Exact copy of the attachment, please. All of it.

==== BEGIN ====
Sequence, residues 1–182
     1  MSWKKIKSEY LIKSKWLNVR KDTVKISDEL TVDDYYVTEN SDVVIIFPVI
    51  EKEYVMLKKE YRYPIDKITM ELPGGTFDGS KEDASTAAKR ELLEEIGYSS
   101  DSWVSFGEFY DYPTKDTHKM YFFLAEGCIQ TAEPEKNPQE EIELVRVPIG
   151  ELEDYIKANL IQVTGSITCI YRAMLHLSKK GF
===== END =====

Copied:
Sequence, residues 1–182
     1  MSWKKIKSEY LIKSKWLNVR KDTVKISDEL TVDDYYVTEN SDVVIIFPVI
    51  EKEYVMLKKE YRYPIDKITM ELPGGTFDGS KEDASTAAKR ELLEEIGYSS
   101  DSWVSFGEFY DYPTKDTHKM YFFLAEGCIQ TAEPEKNPQE EIELVRVPIG
   151  ELEDYIKANL IQVTGSITCI YRAMLHLSKK GF